|Mom would have approved.|
We used to put up a Christmas tree, but somewhere between the kids leaving for college and me realizing none of us were Christian anymore, I switched to putting up a Yule tree. It looks the same, but it's a little heavier on the non-religious symbols -- birds, pine cones, holly, candles, and so on. You might think you see some ornaments that look like angels, but really, they're goddesses. No, really, they are.
Also, I need to have a real tree every year. Like just about family in the '60s, my mom switched over to an artificial tree as soon as we could afford it. She hated finding dead needles in the carpet in July, I guess, but I always missed the smell of the real thing.
After we got the fake tree, it wasn't long before Mom handed over the majority of the setup task to me. (The tree was women's work; my brother might have participated when he was a kid, but once we switched to a fake tree, my father was never involved.) Assembling the tree itself was okay, I guess, if you didn't mind the branch-A-into-support-A aspect of it. And hanging the ornaments was kind of fun, even if there wasn't much room for creativity. If you have the same tree with the branches in the same places every year, and the breakable ornaments go close to the top, and Angie the Christmas Tree Angel gets pride-of-place near the tippy-top, and all the plastic Santas and snowmen go on the bottom -- well, it gets to be the equivalent of a paint-by-number exercise after a few years.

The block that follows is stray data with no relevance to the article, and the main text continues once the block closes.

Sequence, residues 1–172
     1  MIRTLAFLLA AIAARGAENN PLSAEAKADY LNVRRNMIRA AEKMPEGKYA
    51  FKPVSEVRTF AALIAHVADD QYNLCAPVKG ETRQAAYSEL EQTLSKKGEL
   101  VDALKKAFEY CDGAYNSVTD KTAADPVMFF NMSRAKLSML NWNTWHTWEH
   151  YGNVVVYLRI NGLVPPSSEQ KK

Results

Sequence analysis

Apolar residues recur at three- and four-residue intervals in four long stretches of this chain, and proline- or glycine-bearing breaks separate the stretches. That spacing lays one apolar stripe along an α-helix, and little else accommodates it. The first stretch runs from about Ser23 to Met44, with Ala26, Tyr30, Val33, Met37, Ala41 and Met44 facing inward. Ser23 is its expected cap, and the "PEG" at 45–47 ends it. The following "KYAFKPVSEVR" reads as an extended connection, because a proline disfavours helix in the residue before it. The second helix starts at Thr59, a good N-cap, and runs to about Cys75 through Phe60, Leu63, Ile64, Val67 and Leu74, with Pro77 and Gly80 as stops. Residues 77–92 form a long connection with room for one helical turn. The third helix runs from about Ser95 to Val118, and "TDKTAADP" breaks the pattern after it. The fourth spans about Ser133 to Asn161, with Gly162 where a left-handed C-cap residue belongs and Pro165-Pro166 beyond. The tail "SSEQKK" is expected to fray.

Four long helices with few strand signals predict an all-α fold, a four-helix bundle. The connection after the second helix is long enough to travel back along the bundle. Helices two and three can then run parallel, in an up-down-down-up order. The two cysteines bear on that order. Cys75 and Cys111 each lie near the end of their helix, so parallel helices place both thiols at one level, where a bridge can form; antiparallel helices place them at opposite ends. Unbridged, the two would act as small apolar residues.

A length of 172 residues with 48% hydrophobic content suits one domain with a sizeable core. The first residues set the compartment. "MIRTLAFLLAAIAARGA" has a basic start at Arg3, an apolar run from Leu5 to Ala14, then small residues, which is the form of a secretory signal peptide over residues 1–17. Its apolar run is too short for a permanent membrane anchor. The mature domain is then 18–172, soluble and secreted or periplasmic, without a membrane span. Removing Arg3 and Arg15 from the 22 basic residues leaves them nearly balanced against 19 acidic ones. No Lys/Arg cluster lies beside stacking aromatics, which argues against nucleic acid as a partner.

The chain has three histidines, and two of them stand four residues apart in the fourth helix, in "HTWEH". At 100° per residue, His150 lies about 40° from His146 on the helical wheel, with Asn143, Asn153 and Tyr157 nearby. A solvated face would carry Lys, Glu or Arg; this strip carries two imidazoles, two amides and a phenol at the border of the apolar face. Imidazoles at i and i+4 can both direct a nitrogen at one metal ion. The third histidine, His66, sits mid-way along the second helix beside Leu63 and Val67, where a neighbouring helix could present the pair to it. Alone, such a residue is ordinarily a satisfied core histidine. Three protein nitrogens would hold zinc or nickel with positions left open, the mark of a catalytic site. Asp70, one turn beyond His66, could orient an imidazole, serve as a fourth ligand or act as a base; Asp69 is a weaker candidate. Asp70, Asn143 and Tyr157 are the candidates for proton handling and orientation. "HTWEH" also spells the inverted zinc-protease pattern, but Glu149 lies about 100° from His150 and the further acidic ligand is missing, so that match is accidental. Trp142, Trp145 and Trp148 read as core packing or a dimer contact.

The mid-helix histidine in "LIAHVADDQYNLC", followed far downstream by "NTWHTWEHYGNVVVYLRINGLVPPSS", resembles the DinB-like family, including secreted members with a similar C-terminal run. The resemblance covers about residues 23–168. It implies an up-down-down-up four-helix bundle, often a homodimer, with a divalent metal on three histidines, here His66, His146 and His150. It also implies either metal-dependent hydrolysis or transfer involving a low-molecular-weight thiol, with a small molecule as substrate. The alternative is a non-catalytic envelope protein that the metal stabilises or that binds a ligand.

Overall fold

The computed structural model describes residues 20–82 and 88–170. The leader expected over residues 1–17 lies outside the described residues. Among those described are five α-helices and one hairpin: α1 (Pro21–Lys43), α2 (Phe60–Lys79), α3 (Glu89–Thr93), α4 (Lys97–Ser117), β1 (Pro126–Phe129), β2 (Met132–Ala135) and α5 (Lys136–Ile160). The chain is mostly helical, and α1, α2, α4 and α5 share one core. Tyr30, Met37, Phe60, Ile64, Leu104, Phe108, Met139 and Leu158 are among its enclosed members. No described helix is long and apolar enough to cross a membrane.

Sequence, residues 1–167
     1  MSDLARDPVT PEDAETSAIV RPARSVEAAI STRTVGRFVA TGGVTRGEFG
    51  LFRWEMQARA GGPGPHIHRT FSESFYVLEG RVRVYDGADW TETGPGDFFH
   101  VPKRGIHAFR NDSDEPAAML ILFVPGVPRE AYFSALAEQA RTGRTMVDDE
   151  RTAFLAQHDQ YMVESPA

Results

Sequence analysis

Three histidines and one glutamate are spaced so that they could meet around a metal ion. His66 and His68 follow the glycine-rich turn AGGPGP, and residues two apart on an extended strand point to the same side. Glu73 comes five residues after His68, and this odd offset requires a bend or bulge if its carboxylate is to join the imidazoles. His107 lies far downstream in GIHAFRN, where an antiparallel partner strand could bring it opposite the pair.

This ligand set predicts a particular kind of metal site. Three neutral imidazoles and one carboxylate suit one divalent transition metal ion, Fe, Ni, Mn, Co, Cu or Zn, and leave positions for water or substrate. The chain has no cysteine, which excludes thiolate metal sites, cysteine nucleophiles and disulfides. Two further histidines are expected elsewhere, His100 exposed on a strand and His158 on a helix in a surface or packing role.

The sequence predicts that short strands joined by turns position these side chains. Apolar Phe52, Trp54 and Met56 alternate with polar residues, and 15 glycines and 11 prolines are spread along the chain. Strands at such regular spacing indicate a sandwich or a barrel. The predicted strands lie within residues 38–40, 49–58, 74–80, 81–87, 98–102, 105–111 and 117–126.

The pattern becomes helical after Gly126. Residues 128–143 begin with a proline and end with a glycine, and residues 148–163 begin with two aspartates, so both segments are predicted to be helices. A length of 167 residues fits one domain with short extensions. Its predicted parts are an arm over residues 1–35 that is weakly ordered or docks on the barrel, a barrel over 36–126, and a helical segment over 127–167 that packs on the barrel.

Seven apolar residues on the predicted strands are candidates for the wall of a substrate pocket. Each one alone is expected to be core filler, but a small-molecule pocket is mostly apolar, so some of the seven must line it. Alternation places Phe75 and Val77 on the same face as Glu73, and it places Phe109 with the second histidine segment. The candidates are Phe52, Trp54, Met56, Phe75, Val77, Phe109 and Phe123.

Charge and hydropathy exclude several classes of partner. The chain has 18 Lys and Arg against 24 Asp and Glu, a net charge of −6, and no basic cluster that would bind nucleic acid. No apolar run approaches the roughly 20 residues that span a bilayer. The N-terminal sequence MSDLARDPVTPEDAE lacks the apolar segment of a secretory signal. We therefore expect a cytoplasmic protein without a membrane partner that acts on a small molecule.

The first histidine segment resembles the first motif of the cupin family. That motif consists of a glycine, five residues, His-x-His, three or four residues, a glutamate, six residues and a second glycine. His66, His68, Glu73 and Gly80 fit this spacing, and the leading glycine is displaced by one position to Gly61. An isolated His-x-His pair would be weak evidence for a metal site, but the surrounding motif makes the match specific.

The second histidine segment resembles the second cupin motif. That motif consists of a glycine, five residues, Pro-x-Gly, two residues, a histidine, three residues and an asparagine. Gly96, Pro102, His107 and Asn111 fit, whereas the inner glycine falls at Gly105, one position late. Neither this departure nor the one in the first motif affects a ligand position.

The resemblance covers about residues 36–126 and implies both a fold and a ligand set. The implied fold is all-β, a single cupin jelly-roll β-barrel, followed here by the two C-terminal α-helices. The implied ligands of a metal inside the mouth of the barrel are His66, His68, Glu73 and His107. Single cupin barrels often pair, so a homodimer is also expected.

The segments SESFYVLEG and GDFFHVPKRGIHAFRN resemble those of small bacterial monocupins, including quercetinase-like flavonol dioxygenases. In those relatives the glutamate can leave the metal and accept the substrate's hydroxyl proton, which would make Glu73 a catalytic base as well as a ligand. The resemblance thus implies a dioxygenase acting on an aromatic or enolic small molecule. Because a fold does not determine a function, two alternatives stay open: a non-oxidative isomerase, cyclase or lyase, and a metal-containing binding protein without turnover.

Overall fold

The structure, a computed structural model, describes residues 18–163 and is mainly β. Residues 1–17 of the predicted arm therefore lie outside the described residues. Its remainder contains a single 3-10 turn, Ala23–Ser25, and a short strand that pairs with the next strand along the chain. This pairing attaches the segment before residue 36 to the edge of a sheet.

Mom kept two jobs for herself: the lights and the tinsel. Like everybody else in the '60s, we had light strings with those big, fat C7 bulbs -- the kind that burned hot, so you had to be careful about what you put next to them. The strings were also wired in series, so that if one bulb went out, the whole string went out -- affording endless hours of fun, unscrewing each bulb and screwing in a new one, to find the one that had blown. Rarely did two bulbs blow at the same time, which was a Very Good Thing for obvious reasons. Anyway, I suspect Mom kept the task of putting on the lights to herself because she believed me incapable of evenly distributing them on the tree.
She did let me try the tinsel -- once. For the uninitiated, the kind of tinsel I'm talking about came in long, shiny strands that were draped over each tree branch to mimic icicles. Wikipedia tells me the stuff is properly known as lametta, but we always just called it tinsel. Today, it's is made of either PVC or mylar, but it doesn't drape the same as the old stuff, which was made from metal -- aluminum, or sometimes lead foil, although the lead was phased out in the '70s over concerns it could give kids lead poisoning.
Anyway, as I said, what you're supposed to do is take one strand at a time and drape it artfully over each branch -- maybe three or four strands per branch. It was the last step in decorating the tree, other than setting up the little houses underneath, and it took a massive amount of time. The year she handed me the tinsel boxes, I was determined to find a faster way. It wouldn't make a difference if I put several strands on each branch at once, would it? And who cared if they were kind of squished together?
Mom cared. A lot. I was dressed down and dismissed, and she took off all my wads of tinsel and attempted to straighten the strands and apply them, one at a time, to her own satisfaction. She never let me do the tinsel again, which was fine with me. The whole project was way too fussy for my taste.
Next weekend I'll go out and get a real tree, as I always do. I've switched to LED lights now, after using mini-lights for many years. I still put Angie the *cough*Yule Tree Goddess*cough* near the tippy-top; the glass ornaments go close to the top, and the plastic Santas and snowmen go at the bottom. It will smell terrific, and I'll find needles in the carpet in July. But I will never put tinsel on my tree.
These moments of bloggy lights and tinsel have been brought to you, as a public service, by Lynne Cantwell.